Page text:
Response: We were expected to commit two full days to the initial professional development effort. Our team decided we needed a total of six hours of file review practice time. This time was scheduled at the convenience of the team members. As mentioned, the actual file review required one day for each of the two schools.
Question: How has your team responded to these
initial VTOP activities?
Response: Team members are cooperative and enthusiastic. They feel that the initial two days of professional development were vital to their understanding of the purpose and process of transition planning. The IEP file review practice sessions conducted back in the school division made us a cohesive team. Professional development and practice helped team members understand the intent of transition regulations, honed their IEP file review skills, and built self-confidence in their ability to conduct the file review. Most importantly, team members believe the thoughtful analysis of baseline data they collected will result in practices that enhance and enrich transition planning.
Question: How much has participation in VTOP cost
Response: Nothing. VDOE has offset all professional development, practice, and IEP file review expenses, including hotel accommodations, travel expenses, food, and substitutes for participants.
Question: What elements are making VTOP a successful
Response: The commitment of our central office and active participation of school-based administrators as well as the thoughtful composition of team membership have been critical. Guidance and follow-along assistance provided by T/TAC throughout the process has been vital too. In the final analysis, it is the commitment of the people involved that makes any worthwhile venture a success.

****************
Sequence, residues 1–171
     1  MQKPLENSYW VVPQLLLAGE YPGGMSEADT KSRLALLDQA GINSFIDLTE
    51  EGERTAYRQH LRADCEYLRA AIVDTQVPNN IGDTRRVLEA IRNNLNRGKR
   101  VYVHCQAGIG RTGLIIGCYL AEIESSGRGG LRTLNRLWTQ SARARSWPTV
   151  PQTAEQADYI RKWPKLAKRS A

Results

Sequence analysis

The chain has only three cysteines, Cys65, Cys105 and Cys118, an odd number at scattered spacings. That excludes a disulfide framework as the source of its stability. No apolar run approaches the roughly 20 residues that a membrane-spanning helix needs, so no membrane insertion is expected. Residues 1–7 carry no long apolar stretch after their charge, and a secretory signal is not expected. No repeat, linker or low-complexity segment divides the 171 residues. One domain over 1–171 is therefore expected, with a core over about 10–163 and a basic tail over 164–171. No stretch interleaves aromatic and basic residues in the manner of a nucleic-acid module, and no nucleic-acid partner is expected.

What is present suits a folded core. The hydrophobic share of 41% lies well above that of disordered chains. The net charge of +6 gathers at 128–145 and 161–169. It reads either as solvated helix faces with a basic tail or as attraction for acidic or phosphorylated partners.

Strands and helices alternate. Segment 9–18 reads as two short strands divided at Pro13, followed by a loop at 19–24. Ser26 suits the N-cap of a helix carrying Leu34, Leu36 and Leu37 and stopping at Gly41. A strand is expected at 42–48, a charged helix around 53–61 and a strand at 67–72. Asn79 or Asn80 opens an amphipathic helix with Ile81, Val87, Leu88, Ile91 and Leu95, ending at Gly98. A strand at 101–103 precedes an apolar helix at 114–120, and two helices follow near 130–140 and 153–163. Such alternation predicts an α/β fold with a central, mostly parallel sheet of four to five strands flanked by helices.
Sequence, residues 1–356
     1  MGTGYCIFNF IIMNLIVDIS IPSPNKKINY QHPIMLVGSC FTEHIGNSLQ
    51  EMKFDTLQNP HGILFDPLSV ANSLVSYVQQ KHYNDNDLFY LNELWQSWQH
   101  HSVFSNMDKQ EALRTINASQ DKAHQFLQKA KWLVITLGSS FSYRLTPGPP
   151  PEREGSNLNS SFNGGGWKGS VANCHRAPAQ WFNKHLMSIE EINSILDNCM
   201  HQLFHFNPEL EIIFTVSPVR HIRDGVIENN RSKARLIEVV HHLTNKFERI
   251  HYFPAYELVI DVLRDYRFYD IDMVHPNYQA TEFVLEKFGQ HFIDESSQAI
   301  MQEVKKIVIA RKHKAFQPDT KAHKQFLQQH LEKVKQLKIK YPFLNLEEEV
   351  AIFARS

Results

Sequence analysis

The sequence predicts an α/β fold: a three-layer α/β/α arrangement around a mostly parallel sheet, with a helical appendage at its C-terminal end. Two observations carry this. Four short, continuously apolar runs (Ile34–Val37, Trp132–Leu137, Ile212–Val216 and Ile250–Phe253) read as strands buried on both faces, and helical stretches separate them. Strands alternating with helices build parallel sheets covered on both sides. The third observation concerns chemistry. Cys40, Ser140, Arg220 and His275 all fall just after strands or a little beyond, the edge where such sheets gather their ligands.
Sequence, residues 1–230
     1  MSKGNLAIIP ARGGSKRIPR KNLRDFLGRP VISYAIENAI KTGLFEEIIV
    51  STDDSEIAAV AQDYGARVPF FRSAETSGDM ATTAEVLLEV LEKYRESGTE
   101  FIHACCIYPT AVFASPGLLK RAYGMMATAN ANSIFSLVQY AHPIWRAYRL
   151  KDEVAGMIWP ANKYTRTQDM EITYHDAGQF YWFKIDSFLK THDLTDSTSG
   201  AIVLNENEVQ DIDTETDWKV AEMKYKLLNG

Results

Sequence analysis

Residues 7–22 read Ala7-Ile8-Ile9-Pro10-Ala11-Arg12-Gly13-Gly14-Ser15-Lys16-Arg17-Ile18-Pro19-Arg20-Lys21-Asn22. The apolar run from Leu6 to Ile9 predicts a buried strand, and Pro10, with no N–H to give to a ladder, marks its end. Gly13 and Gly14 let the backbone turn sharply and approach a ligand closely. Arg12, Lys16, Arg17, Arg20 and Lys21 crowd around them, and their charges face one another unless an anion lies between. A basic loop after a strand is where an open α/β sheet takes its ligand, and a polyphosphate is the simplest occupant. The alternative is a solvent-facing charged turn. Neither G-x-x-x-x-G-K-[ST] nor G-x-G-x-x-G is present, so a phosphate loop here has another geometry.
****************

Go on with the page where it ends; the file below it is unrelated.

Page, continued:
Question: Have you encountered any problems or
difficulties with the VTOP initiative so far?
Response: As you might imagine, being one of the first school divisions in the state to participate in VTOP did present some challenges. But we just dove in and developed local procedures for practicing and conducting our IEP file review. Now that we have completed these initial activities (training, file review practice, and the actual review of IEP files) for Toano Middle School and Lafayette High School, I think it will be simpler to replicate this exercise at our other secondary schools. It will also be easier for us to complete the follow-up file review at Toano MS and Lafayette HS after they implement the action plans they are about to develop. Finally, being a "trailblazer" puts us in a position to help other school divisions shorten their learning curves.
Question: What comes next?
Response: Once we receive the compiled IEP file review data, we will analyze them, identify areas we would like to enhance, and develop an action plan to address them. We also anticipate expanding the process to our other middle and high schools. T/TAC will continue to provide follow-along assistance.
Question: Would you encourage other school divisions to participate in VTOP? Why or why not?
Response: Yes, I would encourage any school division interested in improving post-school outcomes for students with disabilities to enroll in VTOP. The project provides a way for school divisions to collect data that can be used as an impetus for focused professional development and procedural improvements. It provides a straightforward, simple process for approaching transition planning in a manner that transcends the scope of a one-year IEP period.
Editor's Note: Other Cohort 1 school divisions include York County and Norfolk Public Schools. Cohort 2 school divisions in Superintendents Region 2 include Chesapeake and Virginia Beach. In Superintendents Region 3, Spotsylvania Public Schools and King George County Public Schools are members of Cohort 2.
If your school division is interested in participating in the Virginia Transition Outcomes Project, please e-mail Region 2 contact, Dale Pennell, at email@example.com or Region 3 contact, Lee Anne Sulzberger, at firstname.lastname@example.org.
Date: May/June 2004